“Part of the rollout to stimulate a national dialogue on sustainable water management, the Nanaimo Region Water Pricing Workshop in September 2010 was a unique blend of research and practice. The workshop connected dots: ‘conservation-oriented water pricing’ is a tool to achieve a larger end, which is ‘sustainable service delivery’.
“Unfortunately, Glen Brown took ill the night before the workshop. This meant that the formal unveiling of Sustainable Service Delivery in an outreach and professional development setting was delayed seven months until April 2011 when Glen was part of the faculty for the Comox Valley Learning Lunch Seminar Series.”
Comox Valley local governments embraced the vision for
‘A Regional Response to Infrastructure Liability’
“At that time, and thanks to the early work of the then newly formed Asset Management BC, local governments were starting to wrap their minds around the ‘20/80 Rule’ – that is, the initial capital cost of municipal infrastructure is about 20% of the ultimate total cost, and the other 80% is an unfunded liability.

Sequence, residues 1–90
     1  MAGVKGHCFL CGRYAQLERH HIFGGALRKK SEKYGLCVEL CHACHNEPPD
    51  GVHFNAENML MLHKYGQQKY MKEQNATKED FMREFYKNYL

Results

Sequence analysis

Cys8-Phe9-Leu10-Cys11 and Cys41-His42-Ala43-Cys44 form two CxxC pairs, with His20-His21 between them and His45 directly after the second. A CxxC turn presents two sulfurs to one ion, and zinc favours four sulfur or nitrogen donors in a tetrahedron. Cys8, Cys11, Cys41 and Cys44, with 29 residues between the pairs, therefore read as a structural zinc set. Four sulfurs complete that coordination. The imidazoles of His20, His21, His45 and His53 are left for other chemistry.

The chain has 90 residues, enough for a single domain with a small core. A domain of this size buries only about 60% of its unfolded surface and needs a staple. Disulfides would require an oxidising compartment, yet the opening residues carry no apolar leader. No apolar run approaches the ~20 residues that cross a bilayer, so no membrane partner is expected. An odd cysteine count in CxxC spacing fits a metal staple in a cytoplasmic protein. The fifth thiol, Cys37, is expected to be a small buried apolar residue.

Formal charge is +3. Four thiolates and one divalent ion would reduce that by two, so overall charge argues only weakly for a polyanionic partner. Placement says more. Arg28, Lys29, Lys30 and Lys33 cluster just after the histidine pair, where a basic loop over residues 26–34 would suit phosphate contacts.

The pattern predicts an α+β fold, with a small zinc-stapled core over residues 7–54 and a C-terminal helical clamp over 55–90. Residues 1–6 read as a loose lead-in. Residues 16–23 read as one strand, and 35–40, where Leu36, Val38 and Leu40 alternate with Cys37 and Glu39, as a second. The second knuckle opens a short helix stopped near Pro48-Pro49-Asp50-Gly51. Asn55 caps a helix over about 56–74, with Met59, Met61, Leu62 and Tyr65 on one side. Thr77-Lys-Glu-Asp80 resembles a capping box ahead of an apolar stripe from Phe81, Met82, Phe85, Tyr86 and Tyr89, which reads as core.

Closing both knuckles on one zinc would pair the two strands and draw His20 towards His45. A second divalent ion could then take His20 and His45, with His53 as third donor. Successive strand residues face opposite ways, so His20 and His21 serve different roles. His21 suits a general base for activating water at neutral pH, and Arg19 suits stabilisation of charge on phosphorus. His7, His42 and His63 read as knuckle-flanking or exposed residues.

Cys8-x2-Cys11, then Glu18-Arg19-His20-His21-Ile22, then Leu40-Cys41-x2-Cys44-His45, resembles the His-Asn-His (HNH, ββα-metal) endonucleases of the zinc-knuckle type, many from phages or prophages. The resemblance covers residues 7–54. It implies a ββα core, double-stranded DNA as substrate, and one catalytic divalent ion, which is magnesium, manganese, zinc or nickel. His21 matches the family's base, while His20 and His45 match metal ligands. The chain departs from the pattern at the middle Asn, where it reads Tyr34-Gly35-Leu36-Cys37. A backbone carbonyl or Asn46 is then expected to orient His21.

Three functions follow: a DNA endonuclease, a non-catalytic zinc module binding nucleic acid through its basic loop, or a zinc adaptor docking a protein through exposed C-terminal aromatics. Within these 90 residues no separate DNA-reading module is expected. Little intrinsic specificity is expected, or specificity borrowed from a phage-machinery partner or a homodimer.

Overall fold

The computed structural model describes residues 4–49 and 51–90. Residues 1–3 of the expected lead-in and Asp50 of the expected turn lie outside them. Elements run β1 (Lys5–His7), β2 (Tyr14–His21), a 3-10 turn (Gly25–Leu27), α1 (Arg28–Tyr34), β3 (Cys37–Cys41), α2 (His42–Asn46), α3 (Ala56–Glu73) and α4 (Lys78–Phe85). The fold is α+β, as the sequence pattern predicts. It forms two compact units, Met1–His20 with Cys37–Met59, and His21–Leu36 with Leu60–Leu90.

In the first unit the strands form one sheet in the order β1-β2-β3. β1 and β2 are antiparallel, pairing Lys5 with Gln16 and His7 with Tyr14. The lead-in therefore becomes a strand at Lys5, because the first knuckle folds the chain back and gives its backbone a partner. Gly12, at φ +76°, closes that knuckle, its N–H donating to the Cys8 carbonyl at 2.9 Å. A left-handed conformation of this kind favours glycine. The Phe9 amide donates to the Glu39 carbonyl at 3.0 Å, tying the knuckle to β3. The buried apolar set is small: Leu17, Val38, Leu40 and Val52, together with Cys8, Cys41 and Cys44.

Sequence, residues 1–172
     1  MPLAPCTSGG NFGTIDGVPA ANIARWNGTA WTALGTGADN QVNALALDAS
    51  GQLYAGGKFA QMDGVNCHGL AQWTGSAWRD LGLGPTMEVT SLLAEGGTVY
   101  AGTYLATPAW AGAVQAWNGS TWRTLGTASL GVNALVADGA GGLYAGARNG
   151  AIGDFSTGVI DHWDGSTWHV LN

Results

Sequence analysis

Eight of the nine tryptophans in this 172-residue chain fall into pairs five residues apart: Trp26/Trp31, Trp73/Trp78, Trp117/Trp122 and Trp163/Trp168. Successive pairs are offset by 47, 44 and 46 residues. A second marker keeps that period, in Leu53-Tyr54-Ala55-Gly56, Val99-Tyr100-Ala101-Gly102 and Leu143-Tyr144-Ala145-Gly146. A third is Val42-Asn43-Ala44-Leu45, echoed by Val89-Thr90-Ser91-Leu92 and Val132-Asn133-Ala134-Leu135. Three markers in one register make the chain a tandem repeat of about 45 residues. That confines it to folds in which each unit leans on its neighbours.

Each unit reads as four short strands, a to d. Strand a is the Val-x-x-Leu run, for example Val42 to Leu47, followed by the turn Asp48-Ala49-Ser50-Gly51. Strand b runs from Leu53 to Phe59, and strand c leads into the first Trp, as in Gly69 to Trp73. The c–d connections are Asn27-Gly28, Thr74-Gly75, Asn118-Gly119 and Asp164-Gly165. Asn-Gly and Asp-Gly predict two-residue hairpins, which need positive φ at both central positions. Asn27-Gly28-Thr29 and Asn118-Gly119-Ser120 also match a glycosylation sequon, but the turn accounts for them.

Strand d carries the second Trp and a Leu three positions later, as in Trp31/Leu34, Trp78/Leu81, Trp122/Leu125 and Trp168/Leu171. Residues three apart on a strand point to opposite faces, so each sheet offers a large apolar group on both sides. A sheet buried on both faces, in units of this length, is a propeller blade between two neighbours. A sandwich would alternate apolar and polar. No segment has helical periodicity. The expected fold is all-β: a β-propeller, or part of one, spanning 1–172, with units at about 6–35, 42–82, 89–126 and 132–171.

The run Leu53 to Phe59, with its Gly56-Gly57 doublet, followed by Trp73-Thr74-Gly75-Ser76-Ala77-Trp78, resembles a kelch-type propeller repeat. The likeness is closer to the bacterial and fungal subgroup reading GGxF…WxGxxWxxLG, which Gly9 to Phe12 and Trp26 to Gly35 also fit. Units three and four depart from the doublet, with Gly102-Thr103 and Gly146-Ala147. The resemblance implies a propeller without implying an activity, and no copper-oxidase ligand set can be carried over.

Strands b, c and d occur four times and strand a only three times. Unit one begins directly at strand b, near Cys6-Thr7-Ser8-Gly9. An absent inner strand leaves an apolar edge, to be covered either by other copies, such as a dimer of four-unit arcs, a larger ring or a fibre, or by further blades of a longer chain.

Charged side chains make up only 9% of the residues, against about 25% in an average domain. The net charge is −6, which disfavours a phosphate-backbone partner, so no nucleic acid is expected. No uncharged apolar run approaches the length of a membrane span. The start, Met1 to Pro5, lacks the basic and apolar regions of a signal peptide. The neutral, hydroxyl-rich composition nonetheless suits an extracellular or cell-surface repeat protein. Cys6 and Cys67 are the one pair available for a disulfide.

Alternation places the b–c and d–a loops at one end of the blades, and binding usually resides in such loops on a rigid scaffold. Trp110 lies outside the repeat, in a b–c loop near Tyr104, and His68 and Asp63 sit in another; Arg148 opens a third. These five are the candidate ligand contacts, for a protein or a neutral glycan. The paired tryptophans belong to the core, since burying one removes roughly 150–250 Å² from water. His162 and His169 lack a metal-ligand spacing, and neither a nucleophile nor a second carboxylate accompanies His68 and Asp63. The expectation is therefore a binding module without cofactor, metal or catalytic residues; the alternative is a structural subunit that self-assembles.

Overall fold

“The 20/80 Rule provided context for the 2011 Comox Valley Series. Thus, the focus of the four participating local governments was on what would be involved in facilitating the shift to a life-cycle approach to financing of infrastructure. Under Glen Brown’s guidance, the team embraced this explanation:
- Tackling the unfunded infrastructure liability involves a life-cycle way of thinking about infrastructure needs and how to pay for those needs over time. This holistic approach is described as Sustainable Service Delivery. The link between infrastructure asset management and the protection of a community’s natural resources an important piece in Sustainable Service Delivery.
“In 2011, Comox Valley local governments were early adopters of the vision for ‘sustainable service delivery’. So much so, they delivered the program content for a ‘convening for action’ forum at the 2011 State of Vancouver Island Economic Summit. This event helped brand ‘sustainable service delivery’ as the wave of the future,” concluded Kim Stephens.
Watch the video of Glen Brown introduce Sustainable Service Delivery in April 2011